Does Size Matter? (In the U.S. and Chinese Economies, That Is...)

A ChinaFile Conversation

Last week, President Obama’s State of the Union Address touted a U.S. economic recovery. Meanwhile, China’s economic growth is slowing and Ma Jiantang, head of the National Bureau of Statistics, has said that China’s economy, contrary to overseas media reports, has not overtaken the economy of the United States to become the largest in the world. Why does this debate persist? What lies in the details? Does size even matter? —The Editors


Since April, when ChinaFile last discussed the China-overtaking-the-U.S.-in-GDP story, the story has continued to command massive amounts of media attention on both sides of the Great Firewall. In fact, if we limit ourselves to only the past month or so, we find Nobel Prize winner Joseph Stiglitz using it to mark the beginning of the “Chinese century,” and then, this past Wednesday, National Bureau of Statistics chief Ma Jiantang taking great pains to publicly argue that, no, the Chinese economy had not overtaken the American economy. Both claims ignited firestorms of controversy—as they were almost certainly designed to do.

But why do so many people care about GDP rankings? More precisely, how did this somewhat crude measure of aggregate economic output assume such a central role in their geopolitical imagination? In the Chinese case, it is easy to say—and very likely true—that a century of humiliation at the hands of Western powers drove many Chinese towards a particularly fervent strain of nationalism and a collective fixation on “overtaking the West,” but it is somewhat more difficult to explain why they often measure national power, especially relative national power, in GDP.

Part of the reason is undoubtedly the lack of attractive alternatives: per capita figures do not measure aggregate “national strength,” whereas military capacity no longer captures the public imagination nearly as strongly as it did during the Cold War. As Stiglitz points out, the idea of being “the largest economy” does hold a certain romantic appeal almost everywhere.

That said, at least in the Chinese case, societal obsession with GDP probably also has much to do with historical policy decisions made by the PRC government. One could arguably trace its origins to the First Five Year Plan, which laid out growth targets in terms of industrial and agricultural output growth rates. Since 1980, the central government has consistently laid out its economic targets in terms of GDP growth rates. Local governments quickly followed, and by the later 1990s meeting GDP growth targets had arguably become their number one priority. Given the vast amount of domestic media and intellectual attention lavished on these growth targets, it should surprise no one that many educated Chinese, particularly those with some nationalist tendencies, eventually came to cognitively link GDP statistics with both “national power” and the “health of the economy,” and, therefore, GDP rankings with relative “national power.”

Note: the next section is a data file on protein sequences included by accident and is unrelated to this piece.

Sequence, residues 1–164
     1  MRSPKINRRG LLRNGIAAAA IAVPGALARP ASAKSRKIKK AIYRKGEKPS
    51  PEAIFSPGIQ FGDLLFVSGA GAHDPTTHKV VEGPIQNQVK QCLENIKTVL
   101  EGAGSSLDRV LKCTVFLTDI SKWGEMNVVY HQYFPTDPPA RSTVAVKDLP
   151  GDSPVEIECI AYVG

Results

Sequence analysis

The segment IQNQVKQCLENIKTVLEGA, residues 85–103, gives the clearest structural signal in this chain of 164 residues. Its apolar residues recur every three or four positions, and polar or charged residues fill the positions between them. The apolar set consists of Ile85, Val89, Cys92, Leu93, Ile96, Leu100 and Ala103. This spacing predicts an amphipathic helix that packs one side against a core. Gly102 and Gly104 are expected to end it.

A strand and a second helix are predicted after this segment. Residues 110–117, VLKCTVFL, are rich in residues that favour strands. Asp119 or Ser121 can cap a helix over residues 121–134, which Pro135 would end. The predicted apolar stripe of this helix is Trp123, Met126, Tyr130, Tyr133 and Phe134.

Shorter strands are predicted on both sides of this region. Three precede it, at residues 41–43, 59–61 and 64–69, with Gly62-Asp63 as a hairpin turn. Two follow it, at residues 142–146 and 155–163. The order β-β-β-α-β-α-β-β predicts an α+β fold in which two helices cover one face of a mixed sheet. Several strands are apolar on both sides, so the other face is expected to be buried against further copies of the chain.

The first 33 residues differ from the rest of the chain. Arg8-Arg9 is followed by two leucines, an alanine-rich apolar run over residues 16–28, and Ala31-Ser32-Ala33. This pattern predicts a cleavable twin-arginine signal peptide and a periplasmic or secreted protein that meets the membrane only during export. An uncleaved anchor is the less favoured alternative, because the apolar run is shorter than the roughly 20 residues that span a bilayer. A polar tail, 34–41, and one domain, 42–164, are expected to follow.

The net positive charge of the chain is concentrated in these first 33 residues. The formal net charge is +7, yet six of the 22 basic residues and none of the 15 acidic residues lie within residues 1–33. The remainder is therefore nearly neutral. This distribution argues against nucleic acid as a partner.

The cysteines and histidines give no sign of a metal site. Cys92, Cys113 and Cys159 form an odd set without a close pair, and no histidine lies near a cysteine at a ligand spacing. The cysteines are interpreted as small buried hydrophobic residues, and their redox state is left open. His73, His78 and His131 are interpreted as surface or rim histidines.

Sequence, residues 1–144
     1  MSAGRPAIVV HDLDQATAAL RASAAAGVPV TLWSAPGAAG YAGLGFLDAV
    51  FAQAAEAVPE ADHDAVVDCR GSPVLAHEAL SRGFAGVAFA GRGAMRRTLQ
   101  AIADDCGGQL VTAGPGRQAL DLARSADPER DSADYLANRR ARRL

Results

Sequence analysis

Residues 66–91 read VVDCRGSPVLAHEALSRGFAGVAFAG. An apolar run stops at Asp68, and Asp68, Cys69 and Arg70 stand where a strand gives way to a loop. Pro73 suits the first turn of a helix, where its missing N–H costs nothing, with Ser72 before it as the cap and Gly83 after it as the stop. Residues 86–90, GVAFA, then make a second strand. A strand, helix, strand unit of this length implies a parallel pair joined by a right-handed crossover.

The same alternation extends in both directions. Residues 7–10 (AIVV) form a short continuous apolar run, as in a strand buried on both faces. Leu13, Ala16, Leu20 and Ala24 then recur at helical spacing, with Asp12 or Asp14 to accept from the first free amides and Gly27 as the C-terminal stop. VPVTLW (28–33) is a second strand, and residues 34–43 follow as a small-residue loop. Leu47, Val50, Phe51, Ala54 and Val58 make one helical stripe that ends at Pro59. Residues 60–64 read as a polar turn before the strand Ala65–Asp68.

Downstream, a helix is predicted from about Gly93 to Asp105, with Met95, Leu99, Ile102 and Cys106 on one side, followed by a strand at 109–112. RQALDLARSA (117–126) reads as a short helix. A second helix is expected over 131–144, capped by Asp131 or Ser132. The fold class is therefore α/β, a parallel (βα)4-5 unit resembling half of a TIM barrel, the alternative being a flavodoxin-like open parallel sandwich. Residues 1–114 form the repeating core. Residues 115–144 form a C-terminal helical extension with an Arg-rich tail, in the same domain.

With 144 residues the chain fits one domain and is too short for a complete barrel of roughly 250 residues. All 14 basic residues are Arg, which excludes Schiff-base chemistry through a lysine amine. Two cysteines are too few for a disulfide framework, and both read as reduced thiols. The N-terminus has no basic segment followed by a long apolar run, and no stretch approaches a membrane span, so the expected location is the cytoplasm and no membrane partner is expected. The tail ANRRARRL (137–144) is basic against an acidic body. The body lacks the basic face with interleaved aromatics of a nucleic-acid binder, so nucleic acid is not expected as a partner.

In recent years, this has become a major political liability for the Party. Not only is GDP growth slowing down, perhaps permanently, but many policymakers have come to realize that prioritizing GDP growth over other policy objectives often leads to waste, environmental deterioration, and massive corruption. The central government has tried to weaken GDP’s grip on the public imagination, but their efforts have largely fallen flat. In 2012, for example, a tentative campaign to promote “happiness indexes” as an alternative measure of development swiftly ran out of steam amid widespread online mockery.

As for Ma Jiantang, it is unclear whether his remarks were targeting a domestic or a foreign audience. The Chinese government probably wants to avoid the “number one economy” moniker in either context: Internationally, it probably dislikes the “soft obligations” that accompany being called “the world’s leading economy,” however far-fetched that description may be. Domestically, (accurately) situating China as a country still playing economic catch-up to the West may allow policymakers to ask for more public patience with economic development, and perhaps also help them corral nationalist sentiment. In any case, the mere fact that a senior official was sent out to publicly dispute the substantively vapid claim that “China has overtaken the U.S. in GDP” speaks volumes about the potential social impact of that claim. For this, the government itself must shoulder much of the blame. As the old Chinese saying goes: “作茧自缚” (zuò jiǎn zì fù)—weaving a cocoon, only to bind oneself.